No matter what I do, I keep cutting curves on the jointer and not the perfectly flat surface I expected. I’ve checked that the tables are perfectly level with a borrowed machinist’s straightedge. I’ve carefully aligned the knives to the outfeed table. I’ve tried every variation of applying pressure (and not). I’ve even ripped a piece flat on the table saw and then managed to put a concave curve on with the first pass through the jointer! I’ve noticed that halfway through the cut, the leading edge is not on the outfeed table or the trailing edge is lifting off the infeed table! Help!
Ellis Wallentine: A couple of things in your description don’t add up for me, namely the “concave” edge you say you’re producing and the tendency of the leading or trailing edge to leave the table. Regardless, if your tables are properly aligned with each other — dead flat and straight from end to end — the problem is either in the height adjustment of your knives or in your technique.
To check whether the problem is in the height of your knives, try raising or lowering your outfeed table very slightly and playing with this adjustment until it produces straight edges. If you’re getting concave edges, the knives are too high, and vice versa for convex edges.
Technique may also be the culprit here. It’s important to sight down the edge of your board before you start jointing it, so you can see where the high and low spots are. You need to reduce those first before you can make a clean, end-to-end pass for that final straight edge. That means that if you have a convex spot in the middle of your edge, begin your first cut near the center of the board and take ever-lengthening passes until you’ve flattened the hump. If your edge is concave, you may need to take a couple of partial passes at each end of the board before you can go for the long, straight pass.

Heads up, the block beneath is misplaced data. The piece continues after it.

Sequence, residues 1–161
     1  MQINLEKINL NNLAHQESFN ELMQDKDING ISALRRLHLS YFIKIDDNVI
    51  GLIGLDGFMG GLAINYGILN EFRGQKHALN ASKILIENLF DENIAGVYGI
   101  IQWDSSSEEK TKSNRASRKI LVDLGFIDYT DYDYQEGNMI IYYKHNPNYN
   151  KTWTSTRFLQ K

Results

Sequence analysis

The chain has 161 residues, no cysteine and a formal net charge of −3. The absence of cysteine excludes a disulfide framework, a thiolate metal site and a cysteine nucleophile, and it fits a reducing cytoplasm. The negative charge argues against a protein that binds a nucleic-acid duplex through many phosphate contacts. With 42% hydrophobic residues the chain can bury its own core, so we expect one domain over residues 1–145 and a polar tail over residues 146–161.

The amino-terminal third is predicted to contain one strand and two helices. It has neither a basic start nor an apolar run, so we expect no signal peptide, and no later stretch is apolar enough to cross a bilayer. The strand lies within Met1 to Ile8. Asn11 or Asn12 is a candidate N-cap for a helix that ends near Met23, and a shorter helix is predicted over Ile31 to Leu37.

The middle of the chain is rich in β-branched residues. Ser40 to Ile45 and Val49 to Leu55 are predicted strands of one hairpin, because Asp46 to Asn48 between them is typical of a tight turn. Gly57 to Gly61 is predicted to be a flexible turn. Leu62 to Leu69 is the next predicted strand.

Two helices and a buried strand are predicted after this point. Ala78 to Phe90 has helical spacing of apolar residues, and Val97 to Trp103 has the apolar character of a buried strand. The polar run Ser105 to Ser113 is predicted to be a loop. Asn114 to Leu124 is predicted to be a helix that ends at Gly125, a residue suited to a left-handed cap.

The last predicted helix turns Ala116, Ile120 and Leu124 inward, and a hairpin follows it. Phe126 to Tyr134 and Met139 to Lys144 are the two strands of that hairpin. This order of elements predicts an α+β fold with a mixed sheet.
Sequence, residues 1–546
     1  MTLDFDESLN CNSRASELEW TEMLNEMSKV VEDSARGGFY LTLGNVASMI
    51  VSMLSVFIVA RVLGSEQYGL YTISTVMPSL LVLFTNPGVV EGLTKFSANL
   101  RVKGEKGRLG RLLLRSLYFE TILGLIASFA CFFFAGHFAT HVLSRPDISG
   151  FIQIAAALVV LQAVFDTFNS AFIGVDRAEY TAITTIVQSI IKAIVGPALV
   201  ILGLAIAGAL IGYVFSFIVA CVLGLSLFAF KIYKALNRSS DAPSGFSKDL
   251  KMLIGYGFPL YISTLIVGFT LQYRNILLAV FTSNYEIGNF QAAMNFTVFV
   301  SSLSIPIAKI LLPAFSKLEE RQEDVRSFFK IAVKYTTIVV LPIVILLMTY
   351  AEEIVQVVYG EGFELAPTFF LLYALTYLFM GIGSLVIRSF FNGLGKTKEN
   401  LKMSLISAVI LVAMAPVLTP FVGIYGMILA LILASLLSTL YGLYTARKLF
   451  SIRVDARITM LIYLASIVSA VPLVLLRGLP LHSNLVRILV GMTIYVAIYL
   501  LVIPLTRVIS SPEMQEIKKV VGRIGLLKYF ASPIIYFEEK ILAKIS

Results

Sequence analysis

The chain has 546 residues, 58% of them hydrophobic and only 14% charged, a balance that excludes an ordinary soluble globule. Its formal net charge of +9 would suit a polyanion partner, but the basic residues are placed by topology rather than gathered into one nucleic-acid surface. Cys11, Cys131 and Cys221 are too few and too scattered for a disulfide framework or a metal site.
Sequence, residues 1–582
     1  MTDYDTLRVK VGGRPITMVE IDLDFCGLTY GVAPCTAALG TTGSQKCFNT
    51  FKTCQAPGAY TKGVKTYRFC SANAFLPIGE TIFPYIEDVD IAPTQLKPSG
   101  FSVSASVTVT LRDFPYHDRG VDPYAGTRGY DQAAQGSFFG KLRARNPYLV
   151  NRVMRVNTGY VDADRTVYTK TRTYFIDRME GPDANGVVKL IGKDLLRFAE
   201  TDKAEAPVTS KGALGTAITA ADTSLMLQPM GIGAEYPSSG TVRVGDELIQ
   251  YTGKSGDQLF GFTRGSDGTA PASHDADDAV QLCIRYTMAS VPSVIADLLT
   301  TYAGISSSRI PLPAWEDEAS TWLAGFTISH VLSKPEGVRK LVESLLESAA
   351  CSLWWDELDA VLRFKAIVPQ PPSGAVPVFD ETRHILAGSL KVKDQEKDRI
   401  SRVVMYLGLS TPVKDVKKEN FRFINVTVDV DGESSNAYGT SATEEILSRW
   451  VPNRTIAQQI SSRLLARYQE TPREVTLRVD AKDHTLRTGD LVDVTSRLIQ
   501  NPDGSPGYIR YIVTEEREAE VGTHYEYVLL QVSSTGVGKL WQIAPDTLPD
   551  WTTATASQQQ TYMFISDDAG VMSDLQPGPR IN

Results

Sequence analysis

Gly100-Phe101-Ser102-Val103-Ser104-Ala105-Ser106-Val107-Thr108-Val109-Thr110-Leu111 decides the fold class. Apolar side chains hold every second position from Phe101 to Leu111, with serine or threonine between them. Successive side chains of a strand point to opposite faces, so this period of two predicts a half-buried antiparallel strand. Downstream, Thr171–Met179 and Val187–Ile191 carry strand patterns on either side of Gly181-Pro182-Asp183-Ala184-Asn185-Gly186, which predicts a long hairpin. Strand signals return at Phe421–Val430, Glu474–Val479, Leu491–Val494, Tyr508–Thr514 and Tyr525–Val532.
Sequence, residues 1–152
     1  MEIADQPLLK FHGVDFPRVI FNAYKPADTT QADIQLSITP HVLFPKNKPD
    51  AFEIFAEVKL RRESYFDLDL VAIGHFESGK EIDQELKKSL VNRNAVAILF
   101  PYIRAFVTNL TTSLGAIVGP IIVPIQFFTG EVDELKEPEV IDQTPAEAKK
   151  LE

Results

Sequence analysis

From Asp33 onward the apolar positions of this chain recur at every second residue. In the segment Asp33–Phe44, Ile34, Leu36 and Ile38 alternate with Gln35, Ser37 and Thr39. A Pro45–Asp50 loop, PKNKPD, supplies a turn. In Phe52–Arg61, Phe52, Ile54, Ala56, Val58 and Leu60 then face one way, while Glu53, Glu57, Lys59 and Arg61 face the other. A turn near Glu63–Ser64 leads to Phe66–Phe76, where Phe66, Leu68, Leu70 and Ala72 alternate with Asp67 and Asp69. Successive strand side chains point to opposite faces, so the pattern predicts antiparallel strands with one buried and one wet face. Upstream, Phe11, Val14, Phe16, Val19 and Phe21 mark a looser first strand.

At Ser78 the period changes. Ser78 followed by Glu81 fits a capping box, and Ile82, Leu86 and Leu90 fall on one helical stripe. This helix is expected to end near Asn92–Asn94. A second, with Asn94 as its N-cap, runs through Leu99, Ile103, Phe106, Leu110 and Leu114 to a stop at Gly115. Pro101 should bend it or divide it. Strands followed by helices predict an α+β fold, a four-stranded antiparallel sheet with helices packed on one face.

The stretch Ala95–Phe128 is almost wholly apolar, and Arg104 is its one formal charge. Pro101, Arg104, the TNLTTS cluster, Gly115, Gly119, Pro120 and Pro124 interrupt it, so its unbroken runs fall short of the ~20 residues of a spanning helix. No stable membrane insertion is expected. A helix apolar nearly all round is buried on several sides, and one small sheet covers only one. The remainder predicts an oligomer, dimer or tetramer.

Michael Dresdner: What you have described comes from the two tables being non-coplanar. That means that although the tables may be flat, they are not in the same plane as one another. Specifically, to make the cut you describe, the two far ends of the infeed and outfeed tables are lower than the ends nearest to the cutterhead. In other words, they are like the two top sides of a very obtuse triangle.
To test for a coplanar surface, raise the infeed table to the same height as the outfeed table, turn the cutterhead so no blade is at the top (the head will then be below the two tables), and lay a straightedge that goes all the way from the far end of one table to the far end of the other. Yep, that’s a darned long straightedge. You can also test this with a laser level, if you or one of your guild members has one. The bottom line is that somehow you must shim or adjust these two tables so that they are on the same plane.
Another way to do this is to stretch a piece of monofilament (fishing line) from end to end, very tight. Add a .010″ shim under each end, and use a feeler gauge to measure the height of the monofilament near the cutterhead. I’ll warrant that it will be much closer — maybe even touching the tables — at the center, and that is the cause of your problems. By the way, the cards in any standard deck of playing cards are exactly .010″ thick — a cheap way to buy 52 very accurate shims.
Lee Grindinger: I would really like to see you to get the list of your troubles in person. It seems impossible! My guess is that it’s a technique problem judging from the variety. Slow your feed rate and concentrate on keeping the stock in firm contact with the outfeed table. The outfeed table has to be the same height as the knives. If the wood does not clear the knives and ride exactly onto the outfeed table, you need to make the adjustment. The depth of cut is determined by the amount the infeed table is set below the knives and outfeed table.